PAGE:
Brain training is not something often discussed in educational circles. Although ten-minute tests and other short tests are well used within exam preparation. However, the benefits of brain training or cognitive training is as important as getting physical exercise. You go to the gym or put your running shoes on to build muscle or train for a sporting event. What do you do to train your brain?
The science behind brain training
As with anything these days, the concept of brain training has its sceptics. Nevertheless, the science is clear. Everything you do changes your brain. Different neurons fire and different neural paths are developed because of our activity. This process is called neuroplasticity.
Our brains are networks of neurons and to keep those neurons firing, we have to use them regularly. When certain neural paths are not used often they will stop firing. Something well researched from an Alzheimer’s perspective.
Many people trying to facilitate change whether within their lives or work environments, will be familiar with this. We strengthen neural pathways through repetition. Through ‘practising’ the new behaviour or outcome. The same principle applies to learning and other cognitive functions.
How do you train your brain?
Taking control of this process of neuroplasticity is where the key lies. To target activities on certain skills, you want to get better at.
Brain training or cognitive games have become a big industry. Not only for children learning and creating new neural pathways but also for the older generation living in fear of losing once strong pathways.
This is not a new concept either. The term brain training has been used for many years. Some companies have of course also tried to cash in on this concept.
Stress and anxiety prevent you from performing at your best. Why not see how stressed your child might be with our quick quiz: How stressed is your child.
Therefore when actions become like second nature, the stress and anxiety are taken out of the equation.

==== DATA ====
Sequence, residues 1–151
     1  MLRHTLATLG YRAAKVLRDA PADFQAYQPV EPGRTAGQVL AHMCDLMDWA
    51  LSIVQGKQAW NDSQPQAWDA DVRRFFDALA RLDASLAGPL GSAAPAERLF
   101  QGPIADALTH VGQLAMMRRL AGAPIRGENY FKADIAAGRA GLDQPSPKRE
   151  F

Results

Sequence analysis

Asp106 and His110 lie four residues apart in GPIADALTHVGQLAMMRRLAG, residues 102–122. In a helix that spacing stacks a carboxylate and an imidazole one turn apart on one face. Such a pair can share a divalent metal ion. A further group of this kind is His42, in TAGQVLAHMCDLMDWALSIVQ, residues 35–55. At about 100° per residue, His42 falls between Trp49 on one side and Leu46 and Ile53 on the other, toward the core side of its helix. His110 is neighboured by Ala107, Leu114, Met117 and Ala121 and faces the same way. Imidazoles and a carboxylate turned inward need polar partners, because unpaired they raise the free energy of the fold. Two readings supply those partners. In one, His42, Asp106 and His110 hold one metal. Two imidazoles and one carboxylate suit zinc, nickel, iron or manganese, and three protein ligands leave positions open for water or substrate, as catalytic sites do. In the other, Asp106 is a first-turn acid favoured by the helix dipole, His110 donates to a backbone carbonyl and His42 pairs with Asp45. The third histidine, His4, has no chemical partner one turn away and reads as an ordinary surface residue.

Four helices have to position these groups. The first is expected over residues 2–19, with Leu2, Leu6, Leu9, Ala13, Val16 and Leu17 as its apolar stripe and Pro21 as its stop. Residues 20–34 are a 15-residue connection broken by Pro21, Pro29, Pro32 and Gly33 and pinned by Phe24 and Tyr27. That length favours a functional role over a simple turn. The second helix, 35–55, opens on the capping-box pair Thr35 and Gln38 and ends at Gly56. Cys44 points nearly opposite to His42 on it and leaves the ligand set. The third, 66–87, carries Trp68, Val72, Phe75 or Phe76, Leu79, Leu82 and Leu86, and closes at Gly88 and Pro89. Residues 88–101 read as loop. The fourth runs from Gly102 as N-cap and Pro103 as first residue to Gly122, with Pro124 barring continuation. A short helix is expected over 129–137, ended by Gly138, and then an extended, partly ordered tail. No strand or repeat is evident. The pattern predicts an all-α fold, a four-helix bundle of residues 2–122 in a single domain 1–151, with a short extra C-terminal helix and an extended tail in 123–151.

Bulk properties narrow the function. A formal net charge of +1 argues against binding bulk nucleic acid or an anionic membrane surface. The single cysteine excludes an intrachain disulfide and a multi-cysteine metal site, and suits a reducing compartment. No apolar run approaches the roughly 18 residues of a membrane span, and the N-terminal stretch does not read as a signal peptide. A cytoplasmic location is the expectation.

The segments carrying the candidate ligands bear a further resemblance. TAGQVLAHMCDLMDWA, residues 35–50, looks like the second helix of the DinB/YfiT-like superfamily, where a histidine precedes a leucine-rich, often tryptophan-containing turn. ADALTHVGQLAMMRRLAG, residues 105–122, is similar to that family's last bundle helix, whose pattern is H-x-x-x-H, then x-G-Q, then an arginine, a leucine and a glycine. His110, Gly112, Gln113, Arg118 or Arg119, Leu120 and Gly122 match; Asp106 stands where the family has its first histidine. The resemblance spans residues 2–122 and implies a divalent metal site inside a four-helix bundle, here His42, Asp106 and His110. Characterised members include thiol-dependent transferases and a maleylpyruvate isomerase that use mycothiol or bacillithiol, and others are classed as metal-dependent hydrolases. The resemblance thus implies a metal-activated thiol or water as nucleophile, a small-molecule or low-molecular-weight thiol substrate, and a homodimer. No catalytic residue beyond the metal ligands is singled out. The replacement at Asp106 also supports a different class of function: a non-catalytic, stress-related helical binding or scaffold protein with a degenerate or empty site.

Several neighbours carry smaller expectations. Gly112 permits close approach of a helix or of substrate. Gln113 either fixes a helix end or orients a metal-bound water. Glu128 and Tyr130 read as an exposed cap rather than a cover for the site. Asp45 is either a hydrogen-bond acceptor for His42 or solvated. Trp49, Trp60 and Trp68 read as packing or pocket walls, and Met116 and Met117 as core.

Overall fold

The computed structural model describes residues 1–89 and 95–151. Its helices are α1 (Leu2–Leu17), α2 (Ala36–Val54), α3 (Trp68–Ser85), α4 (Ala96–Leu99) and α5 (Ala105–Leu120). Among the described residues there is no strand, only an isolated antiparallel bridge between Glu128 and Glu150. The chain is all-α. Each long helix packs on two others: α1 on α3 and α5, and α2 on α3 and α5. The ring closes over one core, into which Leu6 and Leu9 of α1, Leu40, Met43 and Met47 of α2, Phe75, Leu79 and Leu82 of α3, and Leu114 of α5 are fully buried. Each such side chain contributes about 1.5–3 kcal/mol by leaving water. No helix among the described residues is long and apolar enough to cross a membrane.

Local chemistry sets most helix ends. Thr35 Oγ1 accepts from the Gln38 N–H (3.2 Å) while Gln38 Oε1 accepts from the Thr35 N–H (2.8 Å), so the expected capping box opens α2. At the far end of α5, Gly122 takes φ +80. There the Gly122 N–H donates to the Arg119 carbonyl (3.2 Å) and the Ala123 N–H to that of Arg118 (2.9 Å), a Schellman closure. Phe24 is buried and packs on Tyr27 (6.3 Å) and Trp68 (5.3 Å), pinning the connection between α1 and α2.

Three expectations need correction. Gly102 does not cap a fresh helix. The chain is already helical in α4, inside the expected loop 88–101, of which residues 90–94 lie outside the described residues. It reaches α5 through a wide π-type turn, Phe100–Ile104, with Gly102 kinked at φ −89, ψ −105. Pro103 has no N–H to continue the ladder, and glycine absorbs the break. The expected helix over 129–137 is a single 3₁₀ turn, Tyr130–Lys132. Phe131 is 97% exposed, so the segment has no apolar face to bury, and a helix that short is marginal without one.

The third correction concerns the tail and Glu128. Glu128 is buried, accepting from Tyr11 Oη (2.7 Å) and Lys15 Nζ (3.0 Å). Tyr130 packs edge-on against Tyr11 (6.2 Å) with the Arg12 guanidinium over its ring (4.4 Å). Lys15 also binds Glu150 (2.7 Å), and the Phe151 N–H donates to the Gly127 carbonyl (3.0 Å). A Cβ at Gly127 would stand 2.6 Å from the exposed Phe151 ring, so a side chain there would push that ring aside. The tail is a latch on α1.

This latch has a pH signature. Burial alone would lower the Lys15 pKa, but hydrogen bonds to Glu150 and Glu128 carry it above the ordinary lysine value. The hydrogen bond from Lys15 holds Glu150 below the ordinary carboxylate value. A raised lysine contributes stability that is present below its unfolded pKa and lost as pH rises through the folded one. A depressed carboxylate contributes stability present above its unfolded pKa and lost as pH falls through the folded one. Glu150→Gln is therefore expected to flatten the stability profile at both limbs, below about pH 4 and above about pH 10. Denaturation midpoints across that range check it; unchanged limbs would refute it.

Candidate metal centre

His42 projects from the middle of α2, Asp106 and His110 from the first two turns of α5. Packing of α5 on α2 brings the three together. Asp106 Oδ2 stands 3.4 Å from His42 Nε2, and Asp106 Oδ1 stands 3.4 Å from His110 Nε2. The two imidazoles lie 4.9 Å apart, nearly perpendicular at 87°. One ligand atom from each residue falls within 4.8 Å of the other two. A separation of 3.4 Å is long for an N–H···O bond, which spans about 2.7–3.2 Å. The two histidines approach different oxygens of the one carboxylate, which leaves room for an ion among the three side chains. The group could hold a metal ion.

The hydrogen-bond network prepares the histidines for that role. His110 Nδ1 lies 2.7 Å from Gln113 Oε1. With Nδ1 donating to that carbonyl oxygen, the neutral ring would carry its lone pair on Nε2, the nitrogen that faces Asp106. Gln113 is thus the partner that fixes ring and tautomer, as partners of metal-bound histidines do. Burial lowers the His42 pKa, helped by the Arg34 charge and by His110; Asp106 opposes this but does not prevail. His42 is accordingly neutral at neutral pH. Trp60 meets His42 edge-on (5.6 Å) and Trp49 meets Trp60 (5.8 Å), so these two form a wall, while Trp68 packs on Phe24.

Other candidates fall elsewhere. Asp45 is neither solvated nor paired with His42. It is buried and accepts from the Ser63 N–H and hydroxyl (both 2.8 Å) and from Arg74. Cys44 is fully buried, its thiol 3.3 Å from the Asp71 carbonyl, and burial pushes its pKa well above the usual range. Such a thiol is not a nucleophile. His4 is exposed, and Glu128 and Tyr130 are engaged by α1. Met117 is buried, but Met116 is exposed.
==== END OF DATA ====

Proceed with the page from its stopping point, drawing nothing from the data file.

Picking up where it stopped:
For example, if your child is preparing for the 11 Plus and the have to do a Non-verbal reasoning test but have never done these questions, it might be a bit overwhelming. However, when they have played games involving these skills (like IQ Puzzler), the questions will be familiar and there will be no interference from stress hormones. They can, therefore, use all the necessary energy in coming up with an answer for the relevant question.
There are many games out there that are great for building these different neural pathways. Some of the cognitive functions these look at are.
- visual search
- logical thinking
- abstract-logical thinking
- focused attention
- switching attention/task switching
- processing speed
What are the top brain training games
There are so many games and techniques available. From board games to card games to puzzle games to computer games and even Alexa games.
Many schools in the state sector also use a platform called Active Learn, where children are assigned various games set to reinforce concepts learnt at school.
There are also various cognitive training programmes making use of movement, for example, Brain Gym
I will mention a few other games that might be helpful below:
For physical games, why not try:
- Dobble, a card game for adults and children and trains you in visual perception
- IQ Puzzler for non-verbal reasoning skills
- Rubik’s cube for developing your problem-solving skills
- Chess is also great for planning and strategic thinking skills
There are so many apps or computer games out there. To mention only a few of my favourite free options:
- Lumosity – probably one of the most used brain training apps with a free or paid option
- Wikium – brain training games very similar in format to Lumosity
- Fire boy and water girl – two-player game great for problem-solving
- Elevate – with over 40 games ranging from maths puzzles to listening and reading exercises
Another great option is our own ten-minute tests. With these, your child can get their daily practice for 11 Plus exam preparation.